Her husband Alistair joined as well, and the pair completed their training together. Having been stationed last on the west coast, they requested to stay there, or perhaps to be transferred to the east coast, as they’d never been.

“They sent us to Winnipeg,” she remembers, laughing. “But we were really lucky at the time because Canada was in a very active peace-keeping role, so there was no real danger of conflict, and we received very good training during our service. I don’t regret the choice at all, in fact I now remember it quite fondly.”

They eventually settled back in Calgary with their first daughter, and began the busy lives of two young doctors. Anderson took a real interest in obstetrics, and began understudying with local specialists and GP’s in the area. It turned out to be a perfect fit for their move west to Bella Coola.

While the two were excited to begin a new chapter in their careers at the Bella Coola General Hospital and Clinic, Anderson describes the experience of remote medicine as both intensely challenging and rewarding, but also terrifying.

“I think a lot of people don’t realize the challenges of rural medicine,” she says. “It takes a certain type of person to face the obstacles of working in such an isolated location.”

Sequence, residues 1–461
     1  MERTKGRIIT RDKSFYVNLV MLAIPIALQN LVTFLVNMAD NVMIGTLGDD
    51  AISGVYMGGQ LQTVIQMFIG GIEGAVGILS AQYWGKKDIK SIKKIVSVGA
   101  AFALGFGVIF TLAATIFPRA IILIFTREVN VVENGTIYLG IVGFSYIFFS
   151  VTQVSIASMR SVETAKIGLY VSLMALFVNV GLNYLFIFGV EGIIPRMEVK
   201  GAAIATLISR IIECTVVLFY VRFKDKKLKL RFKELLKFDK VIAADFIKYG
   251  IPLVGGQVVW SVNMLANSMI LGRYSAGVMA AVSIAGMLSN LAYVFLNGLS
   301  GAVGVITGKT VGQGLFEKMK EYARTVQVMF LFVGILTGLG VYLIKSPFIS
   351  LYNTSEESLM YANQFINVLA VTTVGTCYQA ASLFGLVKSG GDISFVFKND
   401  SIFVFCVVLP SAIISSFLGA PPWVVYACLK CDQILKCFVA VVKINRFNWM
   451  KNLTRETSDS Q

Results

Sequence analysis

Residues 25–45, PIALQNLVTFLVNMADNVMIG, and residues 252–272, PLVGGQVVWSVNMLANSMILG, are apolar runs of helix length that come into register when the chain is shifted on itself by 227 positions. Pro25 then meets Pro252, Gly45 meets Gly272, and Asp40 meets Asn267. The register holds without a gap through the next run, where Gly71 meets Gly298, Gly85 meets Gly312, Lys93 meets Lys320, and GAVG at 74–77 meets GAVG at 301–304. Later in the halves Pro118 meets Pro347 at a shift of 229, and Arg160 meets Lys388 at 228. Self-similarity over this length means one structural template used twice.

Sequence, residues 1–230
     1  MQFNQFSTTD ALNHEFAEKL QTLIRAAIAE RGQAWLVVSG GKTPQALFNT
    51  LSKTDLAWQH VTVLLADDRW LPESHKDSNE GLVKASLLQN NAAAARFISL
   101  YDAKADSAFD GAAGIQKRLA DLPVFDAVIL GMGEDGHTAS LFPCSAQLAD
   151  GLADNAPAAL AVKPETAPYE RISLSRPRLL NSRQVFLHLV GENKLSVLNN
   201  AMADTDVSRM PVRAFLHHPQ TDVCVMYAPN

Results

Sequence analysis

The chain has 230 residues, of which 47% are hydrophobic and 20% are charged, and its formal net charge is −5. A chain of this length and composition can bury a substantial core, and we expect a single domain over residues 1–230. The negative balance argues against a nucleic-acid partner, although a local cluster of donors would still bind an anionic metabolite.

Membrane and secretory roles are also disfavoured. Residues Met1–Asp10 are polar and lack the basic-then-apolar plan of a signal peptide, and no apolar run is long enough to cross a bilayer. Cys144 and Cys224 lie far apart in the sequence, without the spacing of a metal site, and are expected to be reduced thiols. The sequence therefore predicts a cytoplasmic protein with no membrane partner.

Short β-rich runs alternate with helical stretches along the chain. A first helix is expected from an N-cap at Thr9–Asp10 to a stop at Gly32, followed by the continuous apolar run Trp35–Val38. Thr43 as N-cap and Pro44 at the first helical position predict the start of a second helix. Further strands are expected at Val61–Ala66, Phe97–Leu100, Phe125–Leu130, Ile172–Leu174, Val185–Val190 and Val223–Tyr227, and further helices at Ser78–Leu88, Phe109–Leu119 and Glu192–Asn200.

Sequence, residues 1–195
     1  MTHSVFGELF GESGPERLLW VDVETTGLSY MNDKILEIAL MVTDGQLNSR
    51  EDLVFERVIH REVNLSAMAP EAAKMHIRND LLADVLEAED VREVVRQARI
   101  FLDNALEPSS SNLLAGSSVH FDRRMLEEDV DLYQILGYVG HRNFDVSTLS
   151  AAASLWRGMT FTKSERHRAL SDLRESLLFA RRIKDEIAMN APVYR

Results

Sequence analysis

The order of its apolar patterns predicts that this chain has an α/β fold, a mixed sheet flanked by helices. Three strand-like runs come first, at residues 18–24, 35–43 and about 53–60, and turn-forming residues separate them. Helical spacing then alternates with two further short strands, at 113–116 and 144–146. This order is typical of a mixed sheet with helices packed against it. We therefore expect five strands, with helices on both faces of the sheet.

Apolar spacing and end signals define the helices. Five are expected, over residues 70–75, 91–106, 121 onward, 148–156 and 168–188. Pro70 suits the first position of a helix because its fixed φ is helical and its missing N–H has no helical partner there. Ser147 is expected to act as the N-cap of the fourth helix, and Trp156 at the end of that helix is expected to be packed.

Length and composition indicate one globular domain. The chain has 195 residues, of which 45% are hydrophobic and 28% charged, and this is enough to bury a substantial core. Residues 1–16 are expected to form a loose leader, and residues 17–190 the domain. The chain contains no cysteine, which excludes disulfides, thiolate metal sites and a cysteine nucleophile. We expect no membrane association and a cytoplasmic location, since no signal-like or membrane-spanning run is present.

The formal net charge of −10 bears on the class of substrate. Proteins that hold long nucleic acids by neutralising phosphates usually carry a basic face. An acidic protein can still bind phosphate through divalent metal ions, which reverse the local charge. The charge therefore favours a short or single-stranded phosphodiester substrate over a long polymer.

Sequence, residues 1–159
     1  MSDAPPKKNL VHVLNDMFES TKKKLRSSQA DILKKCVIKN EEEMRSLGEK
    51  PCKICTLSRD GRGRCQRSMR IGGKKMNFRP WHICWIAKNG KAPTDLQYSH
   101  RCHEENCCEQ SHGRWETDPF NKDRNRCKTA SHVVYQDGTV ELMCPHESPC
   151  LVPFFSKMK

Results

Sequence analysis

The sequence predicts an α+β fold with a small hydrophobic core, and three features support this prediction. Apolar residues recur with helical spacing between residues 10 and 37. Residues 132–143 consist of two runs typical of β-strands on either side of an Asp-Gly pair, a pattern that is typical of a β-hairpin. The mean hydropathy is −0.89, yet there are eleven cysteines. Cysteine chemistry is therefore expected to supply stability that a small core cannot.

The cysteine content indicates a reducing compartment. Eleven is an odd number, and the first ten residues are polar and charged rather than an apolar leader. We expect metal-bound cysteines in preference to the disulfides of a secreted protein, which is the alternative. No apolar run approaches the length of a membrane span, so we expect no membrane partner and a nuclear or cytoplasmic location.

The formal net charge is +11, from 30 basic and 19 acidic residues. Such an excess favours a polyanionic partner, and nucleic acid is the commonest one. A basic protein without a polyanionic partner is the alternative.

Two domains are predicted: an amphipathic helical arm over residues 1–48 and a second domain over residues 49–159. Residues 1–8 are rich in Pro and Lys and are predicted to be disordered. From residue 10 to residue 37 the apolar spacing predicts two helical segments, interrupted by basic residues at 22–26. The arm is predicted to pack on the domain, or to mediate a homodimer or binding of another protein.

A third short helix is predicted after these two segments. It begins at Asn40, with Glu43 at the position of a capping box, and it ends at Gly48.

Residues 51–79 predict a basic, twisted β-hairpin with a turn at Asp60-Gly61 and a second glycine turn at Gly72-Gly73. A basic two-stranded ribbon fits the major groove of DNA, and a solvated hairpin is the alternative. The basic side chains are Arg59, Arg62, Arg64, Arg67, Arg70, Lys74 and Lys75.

Unlike their urban counterparts, rural doctors do not have access to specialists or specialized equipment to deal with situations that arise. It’s up to them to be the “jack of all trades” when it comes to medicine, and they require a real willingness to face whatever arises.

Fortunately for Anderson, her love of obstetrics turned out to be just what the Valley needed. It is probably this role for which she is remembered most fondly, as she was the caregiver for hundreds of local women during their pregnancies and through their childbirth.

“I did a whole year of surgery in the military, which gave me the confidence and experience to offer C-sections,” she said. “Many people don’t realize this but we were the smallest community in all of Canada offering C-sections, and we had a very low rate, about eight percent, compared to the urban centres which average about 20 percent.”

Although disappointed that birthing services are no longer offered in the community, Anderson says the situation is complicated. The team that was able to offer C-sections has mostly retired, and the weather dictates whether flights out are even possible. This combination of factors and more simply makes birthing a risk no one will take, and unless things change it’s likely to remain this way.

“Nobody is willing to risk a fetal or maternal death,” Anderson said. “We did between 20 and 40 deliveries a year when we had the right team, but that makes all the difference.”